ORLANDO, Fla. — Looking back in time, it seems preposterous. But it really happened.

Every year but one from 1934-76, a team of collegiate all-stars played the defending NFL champions at Chicago’s Soldier Field. In its heyday, it was one of the biggest events on the annual sports calendar. The 1947 and 1948 games drew more than 100,000 fans thanks in part to the hometown Bears and Cardinals being the defending champs.

The final edition of the game never even finished. The game was delayed by a lightning storm in the third quarter, then unceremoniously called when a mob of drunken Chicagoans made off with one of the goal posts.

At one time, it was probably inconceivable that there would never be another College All-Star Game. Today, it’s crazy to think they ever played it at all. Given the injury risks for both parties – particularly the players who hadn’t yet earned their first paycheck – it simply wouldn’t fly in the modern era.

Which brings us to a question.

In 40 years, will fans look at draft-eligible players who elect to play in non-playoff bowl games the same way we now look at the College All-Star Game?

While it seems unlikely that things will ever go that far, the powers that be cannot be comfortable with the trend that’s now developing. This year more than a dozen players will be sitting out their bowl games, including West Virginia’s Will Grier and Yodny Cajuste. That’s up from five a year ago and two when running backs Leonard Fournette and Christian McCaffrey elected to sit in 2016.

At the very least, it’s time for bowl organizers to start paying attention to something that has potential to hurt them at the box office – and already might be in West Virginia’s case.

Here’s a handful of potential solutions for organizers to consider if they want to keep the games going strong.

Spin it forward

Mercifully, college football has no preseason. But the best way to market future bowl games may be for the glimpse they provide into the future.

The fact that Jack Allison will get meaningful reps at quarterback before the start of next season is may actually benefit West Virginia more than Grier playing. And if Allison doesn’t play well, better to find out now when there is still time to bring a potential starter in as a graduate transfer.

In a way, it makes more sense to go into the offseason excited about the players who are coming back next fall. If bowl games can successfully sell this concept, it shouldn’t matter how many potential draftees sit out. Fans will get to watch their future stars blossom.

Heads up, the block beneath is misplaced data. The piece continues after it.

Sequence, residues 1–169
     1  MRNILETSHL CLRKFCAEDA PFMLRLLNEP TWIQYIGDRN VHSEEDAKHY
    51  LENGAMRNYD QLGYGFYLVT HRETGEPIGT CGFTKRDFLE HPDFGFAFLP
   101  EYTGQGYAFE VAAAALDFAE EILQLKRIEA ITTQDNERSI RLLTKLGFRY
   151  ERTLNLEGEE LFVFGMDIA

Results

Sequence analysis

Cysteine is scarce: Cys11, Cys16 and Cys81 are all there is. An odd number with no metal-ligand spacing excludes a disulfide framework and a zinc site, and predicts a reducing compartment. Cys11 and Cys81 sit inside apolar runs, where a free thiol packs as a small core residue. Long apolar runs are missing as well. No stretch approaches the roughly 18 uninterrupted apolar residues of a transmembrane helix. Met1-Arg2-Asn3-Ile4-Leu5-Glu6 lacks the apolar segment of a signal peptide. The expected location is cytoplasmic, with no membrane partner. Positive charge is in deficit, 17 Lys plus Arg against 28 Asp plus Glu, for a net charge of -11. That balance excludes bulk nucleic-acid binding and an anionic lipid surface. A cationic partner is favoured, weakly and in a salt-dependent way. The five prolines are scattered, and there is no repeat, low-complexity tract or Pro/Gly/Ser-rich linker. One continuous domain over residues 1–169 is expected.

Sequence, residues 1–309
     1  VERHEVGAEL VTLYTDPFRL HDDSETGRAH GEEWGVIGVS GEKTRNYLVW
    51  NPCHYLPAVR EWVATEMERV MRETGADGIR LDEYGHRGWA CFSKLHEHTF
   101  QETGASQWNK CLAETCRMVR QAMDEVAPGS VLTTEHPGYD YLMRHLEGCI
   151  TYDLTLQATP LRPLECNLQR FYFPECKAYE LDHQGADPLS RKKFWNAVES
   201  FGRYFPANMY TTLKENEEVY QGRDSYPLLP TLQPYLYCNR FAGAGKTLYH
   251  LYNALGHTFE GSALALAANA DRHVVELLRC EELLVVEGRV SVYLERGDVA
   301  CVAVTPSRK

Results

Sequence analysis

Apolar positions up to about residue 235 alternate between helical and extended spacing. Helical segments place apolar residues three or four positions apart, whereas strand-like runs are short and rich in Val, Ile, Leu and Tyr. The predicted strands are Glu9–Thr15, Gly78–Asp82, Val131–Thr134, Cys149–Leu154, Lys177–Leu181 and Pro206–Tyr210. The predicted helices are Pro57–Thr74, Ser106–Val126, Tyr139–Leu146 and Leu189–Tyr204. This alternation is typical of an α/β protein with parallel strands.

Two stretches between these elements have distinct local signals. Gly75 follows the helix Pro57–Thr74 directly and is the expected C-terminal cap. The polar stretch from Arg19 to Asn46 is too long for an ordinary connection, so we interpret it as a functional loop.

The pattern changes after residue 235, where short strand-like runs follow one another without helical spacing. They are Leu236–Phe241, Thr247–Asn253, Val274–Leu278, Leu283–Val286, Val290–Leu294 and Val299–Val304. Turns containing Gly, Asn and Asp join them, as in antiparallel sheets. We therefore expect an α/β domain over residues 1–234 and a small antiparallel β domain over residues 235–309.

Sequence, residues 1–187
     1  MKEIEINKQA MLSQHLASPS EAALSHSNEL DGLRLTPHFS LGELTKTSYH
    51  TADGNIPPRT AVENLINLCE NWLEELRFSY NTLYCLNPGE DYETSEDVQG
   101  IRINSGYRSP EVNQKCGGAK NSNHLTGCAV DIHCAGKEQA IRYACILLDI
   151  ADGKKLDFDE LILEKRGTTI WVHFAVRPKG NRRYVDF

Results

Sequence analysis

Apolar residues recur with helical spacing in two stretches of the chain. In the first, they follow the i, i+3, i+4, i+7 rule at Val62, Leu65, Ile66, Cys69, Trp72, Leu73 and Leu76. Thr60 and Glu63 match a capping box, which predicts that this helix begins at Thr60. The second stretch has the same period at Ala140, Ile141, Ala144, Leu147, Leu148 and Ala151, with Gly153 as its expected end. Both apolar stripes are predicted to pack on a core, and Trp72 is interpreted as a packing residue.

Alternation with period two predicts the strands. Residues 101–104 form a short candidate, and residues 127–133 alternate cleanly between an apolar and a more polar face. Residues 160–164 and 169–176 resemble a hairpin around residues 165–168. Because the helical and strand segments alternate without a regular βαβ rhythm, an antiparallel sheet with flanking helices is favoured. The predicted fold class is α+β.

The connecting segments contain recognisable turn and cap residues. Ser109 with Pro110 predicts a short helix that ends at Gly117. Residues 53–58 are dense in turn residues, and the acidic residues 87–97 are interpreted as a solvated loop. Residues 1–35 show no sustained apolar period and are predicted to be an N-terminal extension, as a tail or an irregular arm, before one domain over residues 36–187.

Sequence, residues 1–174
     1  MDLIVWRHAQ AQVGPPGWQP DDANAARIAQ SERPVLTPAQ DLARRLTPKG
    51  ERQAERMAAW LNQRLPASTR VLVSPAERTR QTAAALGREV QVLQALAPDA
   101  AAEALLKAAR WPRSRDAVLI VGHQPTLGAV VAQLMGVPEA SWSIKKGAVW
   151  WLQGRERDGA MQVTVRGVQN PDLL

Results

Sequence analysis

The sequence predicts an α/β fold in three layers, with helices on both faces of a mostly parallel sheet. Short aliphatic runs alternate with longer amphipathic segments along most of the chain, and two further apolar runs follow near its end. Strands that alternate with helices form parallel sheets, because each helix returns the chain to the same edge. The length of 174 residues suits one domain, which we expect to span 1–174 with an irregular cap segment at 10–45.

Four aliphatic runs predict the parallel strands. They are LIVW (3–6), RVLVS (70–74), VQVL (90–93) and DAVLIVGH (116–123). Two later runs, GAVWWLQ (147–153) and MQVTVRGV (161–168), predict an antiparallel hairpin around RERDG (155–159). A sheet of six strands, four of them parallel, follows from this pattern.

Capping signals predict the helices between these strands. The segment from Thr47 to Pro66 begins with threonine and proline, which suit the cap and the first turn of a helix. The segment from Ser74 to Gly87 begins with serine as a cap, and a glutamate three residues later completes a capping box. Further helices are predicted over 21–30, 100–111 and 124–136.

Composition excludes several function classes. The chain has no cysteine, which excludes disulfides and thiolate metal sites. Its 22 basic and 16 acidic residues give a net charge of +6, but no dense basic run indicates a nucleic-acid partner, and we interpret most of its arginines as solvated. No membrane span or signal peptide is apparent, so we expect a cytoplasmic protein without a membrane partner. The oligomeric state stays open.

Pay to play

Bowl games already give players cool swag like video game systems, cameras, gift cards and more. Why not up the ante?

Perhaps individual bowl games will need to offer to pay into insurance policies to make up for the potential loss of income should a player be seriously injured in one of their games. If you want a guy bad enough, open the pocket book.

Playoff expansion

It is possible that the fan and player interest in most bowl games will dwindle to the point where the only way to give the postseason sufficient meaning is by creating more games that have an obvious meaning.

Moving to an eight-team playoff is already being treated as a matter of inevitability. If that serves to further erode interest in bowl games, a move to 16 teams might not be far behind – especially if that’s what it takes for Group of Five teams to feel like they finally have a fair shake.

For what it’s worth, the FCS already has a 24-team playoff, and Division II has a 28-team playoff, albeit with an 11-game regular season. Most would probably prefer to avoid going this route, but the evolution of the next decade of college football will reveal whether the sport’s powerbrokers even have a choice.

Players to skip bowl games


West Virginia QB Will Grier (Camping World Bowl)

West Virginia LT Yodny Cajuste (Camping World Bowl)

Minnesota LB Blake Cashman (Quick Lane Bowl)

Minnesota LT Donnell Greene (Quick Lane Bowl)

Michigan State CB Justin Layne (Redbox Bowl)

NC State LB Germaine Pratt (Gator Bowl)

NC State WR Kelvin Harmon (Gator Bowl)

South Carolina WR Deebo Samuel (Belk Bowl)

Arizona State WR N’Keal Harry (Las Vegas Bowl)

Oklahoma State RB Justice Hill (Liberty Bowl)

Michigan DL Rashan Gary (Peach Bowl)

Michigan LB Devin Bush (Peach Bowl)

Michigan RB Karan Higdon (Peach Bowl)

Stanford RB Bryce Love (Sun Bowl)

LSU DT Ed Alexander (Fiesta Bowl)

LSU CB Greedy Williams (Fiesta Bowl)

Houston DL Ed Oliver (Armed Forces Bowl)

Iowa TE Noah Fant (Outback Bowl)


Texas safety DeShon Elliott (Texas Bowl)

Florida State safety Derwin James (Independence Bowl)

Texas tackle Connor Williams (Texas Bowl)

Oregon running back Royce Freeman (Las Vegas Bowl)

West Virginia running back Justin Crawford (Heart of Dallas Bowl)


LSU running back Leonard Fournette (Citrus Bowl)

Stanford running back Christian McCaffrey (Sun Bowl)